Free public transport in Switzerland: What progress has been made?
While it may seem unlikely, as proposals for cut-price tickets in Switzerland are struck down regularly by politicians in Bern, several Swiss cantons are on the brink of holding referendums on whether public transport should be made free. Here’s what you need to know.
Free public transport in Switzerland unpopular with government
It may sound strange that a country like Switzerland is considering making public transport tickets completely free. Even the idea of a nine-euro-style cut-price ticket in Switzerland was roundly rejected by lawmakers in 2022, so it may seem ridiculous to argue that a proposal where passengers pay nothing has a better chance of passing.
The reason for the hesitance on the national level is down to two factors: the cost and the Swiss constitution. Opponents of free public transport note that Clause 2, Section 81 of the constitution states that passengers on Swiss trains, buses, boats and trams should cover “an appropriate portion of the cost,” meaning many believe that offering free public transport nationally would be breaking the law.
Second is the enormous cost associated with implementing the policy. The government already subsidises up to 50 percent of public transport costs to the tune of 5 billion francs a year, so it remains difficult to see how the state could afford the idea without raising taxes.
Swiss cantons and city start to test free public transport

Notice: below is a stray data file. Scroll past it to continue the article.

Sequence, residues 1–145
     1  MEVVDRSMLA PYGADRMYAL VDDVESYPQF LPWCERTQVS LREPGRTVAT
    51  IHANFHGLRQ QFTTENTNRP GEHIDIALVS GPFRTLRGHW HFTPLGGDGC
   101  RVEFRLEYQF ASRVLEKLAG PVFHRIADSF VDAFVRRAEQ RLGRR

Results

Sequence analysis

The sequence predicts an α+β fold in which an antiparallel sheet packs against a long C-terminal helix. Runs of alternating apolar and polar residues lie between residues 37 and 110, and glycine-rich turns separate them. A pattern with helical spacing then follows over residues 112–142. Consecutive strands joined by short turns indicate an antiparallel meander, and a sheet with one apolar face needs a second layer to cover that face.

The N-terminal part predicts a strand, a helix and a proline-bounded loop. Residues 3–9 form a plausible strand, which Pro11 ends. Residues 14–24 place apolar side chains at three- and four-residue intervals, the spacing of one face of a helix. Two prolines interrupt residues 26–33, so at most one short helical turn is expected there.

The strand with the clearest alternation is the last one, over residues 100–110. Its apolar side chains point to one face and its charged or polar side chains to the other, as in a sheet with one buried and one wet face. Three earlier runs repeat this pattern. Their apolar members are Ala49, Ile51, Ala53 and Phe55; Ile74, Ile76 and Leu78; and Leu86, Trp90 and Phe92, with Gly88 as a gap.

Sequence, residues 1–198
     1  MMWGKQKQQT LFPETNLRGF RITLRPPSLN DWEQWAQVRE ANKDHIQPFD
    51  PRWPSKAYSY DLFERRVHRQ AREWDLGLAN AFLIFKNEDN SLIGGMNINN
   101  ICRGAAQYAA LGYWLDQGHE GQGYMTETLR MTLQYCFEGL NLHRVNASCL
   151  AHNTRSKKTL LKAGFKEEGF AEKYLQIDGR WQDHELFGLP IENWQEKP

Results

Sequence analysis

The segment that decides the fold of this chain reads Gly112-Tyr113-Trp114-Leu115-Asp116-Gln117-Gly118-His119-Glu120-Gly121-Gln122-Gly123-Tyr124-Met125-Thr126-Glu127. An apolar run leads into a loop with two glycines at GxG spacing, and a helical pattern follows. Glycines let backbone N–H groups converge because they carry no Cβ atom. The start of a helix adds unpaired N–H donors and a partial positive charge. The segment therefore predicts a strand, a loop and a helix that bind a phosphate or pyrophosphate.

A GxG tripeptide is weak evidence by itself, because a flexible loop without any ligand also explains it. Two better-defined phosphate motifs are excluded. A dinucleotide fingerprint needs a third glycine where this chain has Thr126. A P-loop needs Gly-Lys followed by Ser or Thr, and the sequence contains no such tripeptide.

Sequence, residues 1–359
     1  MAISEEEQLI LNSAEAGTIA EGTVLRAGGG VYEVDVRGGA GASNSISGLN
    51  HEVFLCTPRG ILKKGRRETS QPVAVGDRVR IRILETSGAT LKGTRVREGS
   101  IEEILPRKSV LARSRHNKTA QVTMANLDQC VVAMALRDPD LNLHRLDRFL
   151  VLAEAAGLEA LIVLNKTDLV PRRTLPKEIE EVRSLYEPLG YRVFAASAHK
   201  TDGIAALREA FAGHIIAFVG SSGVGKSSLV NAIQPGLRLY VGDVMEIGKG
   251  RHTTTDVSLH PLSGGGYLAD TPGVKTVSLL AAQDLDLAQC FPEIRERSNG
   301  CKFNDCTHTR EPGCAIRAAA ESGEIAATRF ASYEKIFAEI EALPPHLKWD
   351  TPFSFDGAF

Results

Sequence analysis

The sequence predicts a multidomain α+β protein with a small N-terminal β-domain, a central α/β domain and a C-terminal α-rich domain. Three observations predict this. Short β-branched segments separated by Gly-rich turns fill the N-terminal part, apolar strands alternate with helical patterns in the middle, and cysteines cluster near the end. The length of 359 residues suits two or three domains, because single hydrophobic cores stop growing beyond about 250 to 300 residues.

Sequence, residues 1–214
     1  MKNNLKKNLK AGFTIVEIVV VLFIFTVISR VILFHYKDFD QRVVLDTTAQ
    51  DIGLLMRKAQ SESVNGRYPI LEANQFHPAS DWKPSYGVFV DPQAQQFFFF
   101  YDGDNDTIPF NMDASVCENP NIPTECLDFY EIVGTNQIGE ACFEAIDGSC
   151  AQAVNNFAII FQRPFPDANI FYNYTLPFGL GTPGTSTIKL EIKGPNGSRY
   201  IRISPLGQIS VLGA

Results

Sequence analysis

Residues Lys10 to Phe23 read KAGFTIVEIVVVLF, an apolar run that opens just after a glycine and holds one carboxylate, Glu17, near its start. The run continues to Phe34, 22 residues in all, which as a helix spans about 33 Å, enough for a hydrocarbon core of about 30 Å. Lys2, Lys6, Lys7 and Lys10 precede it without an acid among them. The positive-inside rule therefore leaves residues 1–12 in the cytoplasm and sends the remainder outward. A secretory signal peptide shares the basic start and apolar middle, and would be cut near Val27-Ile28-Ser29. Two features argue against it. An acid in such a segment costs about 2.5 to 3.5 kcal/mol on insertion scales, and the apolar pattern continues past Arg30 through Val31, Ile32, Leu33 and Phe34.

However, while proposals for free public transport have little to no chance of succeeding on the federal level, several Swiss cantons have voted on the idea in the past. Basel (1972), Geneva (2008) and St. Gallen (2012) have all had referendums on free public transport, although none were approved.
Even on the local level, some councils (Gemeinde) in Switzerland have also begun their own trials. In June 2022, for example, Kreuzlingern became the first Swiss city to offer free public transport for its residents.
Which Swiss cantons are going to vote on free public transport?
Currently, three cantons - Geneva, Vaud and Fribourg - are due to hold votes on free public transport. All three are popular initiatives that have enough signatures to be made into referendums, but officials have argued that the proposals are not legal and cannot be voted on.
In Canton Geneva, The “For free, ecological and quality public transport” initiative would see public transport made free “mainly through the usual tax measures,” noted 20 minuten. The proposal is currently being analysed by the cantonal council, who worry that the text of the initiative makes it impossible to vote on.
Meanwhile, authorities in Canton Fribourg have declared their own free public transport initiative to be illegal. They argued that they would be breaking federal law if the referendum passed. The matter has now been referred to the Federal Supreme Court in Lausanne, which will make a final decision on whether the vote is held or not.
Canton Vaud in Switzerland will vote on free public transport
Finally, Canton Vaud is due to hold a referendum on its own free public transport plan. The proposal would see the government pay for 100 percent of the running and ticket costs for local public transport. It is expected to be voted on in the next few years.